The Students’ Society of McGill University (SSMU) held its Fall 2022 Referendum from Nov. 14 to Nov. 18. The two questions on the online ballot were whether McGill’s undergraduate student body was still in favour of funding the Daily Publications Society (DPS) and the Sustainability Projects Fund (SPF). Both motions passed, safeguarding the DPS and SPF’s current operations until the next referendum in five years.
The DPS is responsible for the publication of the independent student newspapers The McGill Daily and Le Délit, the latter being the only francophone paper on campus. The DPS is entirely funded by student fees, and its existence is dictated by a Memorandum of Agreement (MoA) with McGill. In order to renew its MoA with the DPS, which expires in 2023, the administration requires that a referendum be conducted to prove continued financial support from students.
The SPF, created in 2010, is used to fund sustainability-related projects at the university. It is jointly subsidized by McGill and students, with the school matching what students pay. The SPF student fee is outlined in the MoA between SSMU and the administration.
Noème Fages is the chief elections officer of Elections SSMU, the organization that runs the Society’s referenda. In a statement to The McGill Tribune, Fages described the newly tweaked schedule that was implemented this past election, which was intended to increase discussion and, ultimately, voter turnout among students.
“For this Fall Referendum, we chose to have overlapping campaign and polling periods to maximize student engagement with the referendum and make sure all students know about the referendum and its implications,” Fages wrote.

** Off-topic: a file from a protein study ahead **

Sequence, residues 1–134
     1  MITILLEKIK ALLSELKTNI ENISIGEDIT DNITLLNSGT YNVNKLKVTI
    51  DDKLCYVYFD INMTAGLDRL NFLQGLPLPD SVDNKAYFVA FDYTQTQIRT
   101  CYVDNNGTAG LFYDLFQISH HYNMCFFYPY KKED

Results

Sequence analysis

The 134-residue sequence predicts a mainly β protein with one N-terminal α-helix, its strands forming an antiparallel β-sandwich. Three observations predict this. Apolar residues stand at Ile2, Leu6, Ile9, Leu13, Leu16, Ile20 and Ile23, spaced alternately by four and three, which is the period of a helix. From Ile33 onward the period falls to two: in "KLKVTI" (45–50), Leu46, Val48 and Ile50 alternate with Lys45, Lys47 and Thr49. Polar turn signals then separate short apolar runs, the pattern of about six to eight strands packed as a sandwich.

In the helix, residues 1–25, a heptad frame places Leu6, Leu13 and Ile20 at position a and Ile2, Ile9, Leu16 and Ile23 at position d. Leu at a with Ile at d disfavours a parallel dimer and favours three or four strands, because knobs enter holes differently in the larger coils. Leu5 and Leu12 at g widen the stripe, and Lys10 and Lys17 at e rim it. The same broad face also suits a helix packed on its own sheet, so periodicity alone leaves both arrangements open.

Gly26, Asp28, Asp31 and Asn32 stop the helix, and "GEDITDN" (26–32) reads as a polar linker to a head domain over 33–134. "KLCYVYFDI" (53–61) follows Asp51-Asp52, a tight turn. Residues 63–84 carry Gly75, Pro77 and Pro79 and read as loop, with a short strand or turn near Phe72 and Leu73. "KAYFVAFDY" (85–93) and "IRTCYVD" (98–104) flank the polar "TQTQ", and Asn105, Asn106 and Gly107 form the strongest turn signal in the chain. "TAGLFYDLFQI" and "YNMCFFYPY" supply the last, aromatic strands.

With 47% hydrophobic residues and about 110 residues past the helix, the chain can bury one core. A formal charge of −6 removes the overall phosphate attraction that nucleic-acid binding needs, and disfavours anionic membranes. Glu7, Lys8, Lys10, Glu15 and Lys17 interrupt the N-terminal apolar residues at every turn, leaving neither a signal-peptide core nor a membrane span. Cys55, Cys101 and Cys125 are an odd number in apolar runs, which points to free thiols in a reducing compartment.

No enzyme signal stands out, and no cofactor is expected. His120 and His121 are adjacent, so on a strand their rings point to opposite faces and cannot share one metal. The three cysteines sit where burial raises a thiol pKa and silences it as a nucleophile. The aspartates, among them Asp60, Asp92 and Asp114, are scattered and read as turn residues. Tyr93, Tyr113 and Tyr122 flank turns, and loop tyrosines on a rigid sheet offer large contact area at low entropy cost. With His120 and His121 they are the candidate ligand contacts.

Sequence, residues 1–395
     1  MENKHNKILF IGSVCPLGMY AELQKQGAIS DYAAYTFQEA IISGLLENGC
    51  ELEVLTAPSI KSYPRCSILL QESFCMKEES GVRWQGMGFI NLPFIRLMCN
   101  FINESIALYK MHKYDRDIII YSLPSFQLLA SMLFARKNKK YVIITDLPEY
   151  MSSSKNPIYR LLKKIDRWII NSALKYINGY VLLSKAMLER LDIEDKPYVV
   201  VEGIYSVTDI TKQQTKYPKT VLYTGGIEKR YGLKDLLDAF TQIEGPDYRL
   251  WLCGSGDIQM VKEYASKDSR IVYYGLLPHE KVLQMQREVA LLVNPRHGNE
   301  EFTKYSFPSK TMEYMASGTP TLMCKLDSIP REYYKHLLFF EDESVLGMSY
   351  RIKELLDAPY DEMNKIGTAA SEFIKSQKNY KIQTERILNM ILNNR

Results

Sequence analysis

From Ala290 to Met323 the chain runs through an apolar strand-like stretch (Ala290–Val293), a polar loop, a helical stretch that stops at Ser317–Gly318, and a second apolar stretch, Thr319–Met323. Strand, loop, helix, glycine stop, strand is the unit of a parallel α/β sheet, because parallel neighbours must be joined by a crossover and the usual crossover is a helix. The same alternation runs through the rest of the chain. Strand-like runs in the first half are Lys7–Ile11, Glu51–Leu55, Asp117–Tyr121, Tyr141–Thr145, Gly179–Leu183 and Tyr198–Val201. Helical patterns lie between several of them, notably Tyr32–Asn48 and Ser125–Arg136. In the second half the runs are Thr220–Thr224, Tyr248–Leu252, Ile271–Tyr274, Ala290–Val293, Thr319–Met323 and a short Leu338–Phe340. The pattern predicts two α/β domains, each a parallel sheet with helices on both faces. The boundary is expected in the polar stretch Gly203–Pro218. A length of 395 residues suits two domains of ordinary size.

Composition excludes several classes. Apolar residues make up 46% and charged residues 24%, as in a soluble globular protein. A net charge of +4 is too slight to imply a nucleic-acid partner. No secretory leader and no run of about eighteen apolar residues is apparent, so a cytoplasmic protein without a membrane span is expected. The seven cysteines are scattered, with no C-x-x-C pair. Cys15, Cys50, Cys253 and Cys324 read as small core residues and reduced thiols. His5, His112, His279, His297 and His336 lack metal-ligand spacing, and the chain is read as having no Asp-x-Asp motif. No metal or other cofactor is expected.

Last week, 22.6 per cent of eligible voters cast their ballots—the highest turnout achieved in a fall referendum since 2018, which had seven questions compared to this most recent election’s two.
Still, only about 5,000 students out of 23,542 eligible voters cast their ballots. Elliott Kalt, U1 Science, told the Tribune why he ended up not voting.
“I think most students tend to ignore SSMU emails because they send so many of them,” Kalt said. “I really believe that the newspaper[s] should be funded, however I understand that a lot of students might not have the financial ability to [continue paying the DPS fee], so it’s a very hard topic to vote on.”
On the ballot this fall was SPF’s mandatory fee of $0.55 per academic credit, up to 15 credits, which subsidizes the program. The Fund’s Governance Council (GC) distributes its million-dollar annual budget to students, faculty, and staff whose sustainability projects are approved. Shona Watt, a sustainability manager at the McGill Office of Sustainability (MOOS), was excited to see continued support for the SPF from students.
“[The Fund] is a resource for all McGill community members to launch or grow a sustainability initiative on campus [and] spark positive change in their own learning and work environment,” Watt said. “We are thrilled by the level of enthusiasm reflected in the results of the SSMU referendum.”
Ryan Stainsby, U0 Arts, ultimately voted “Yes” on financing the SPF for the remainder of his time at McGill.
“[The SPF] funds projects that work on making our campus more sustainable, more environmentally friendly [….] I think that’s really phenomenal,” Stainsby said. “I still understand if someone voted no for monetary reasons [….] Every dollar counts, you know.”
Voters also decided to uphold the DPS’s $6, non-opt-outable fee, which has been charged to all undergraduates once per term since 2010 and is responsible for their nearly $300,000 budget.
Throughout the campaign and polling periods, both DPS papers stressed the importance of their continued existence, releasing editorials chronicling the publications’ work, tabling around campus, and posting testimonials from alumni on social media to encourage students to vote. The editorial boards of both publications thanked students for their support over Instagram after the referendum results were published.
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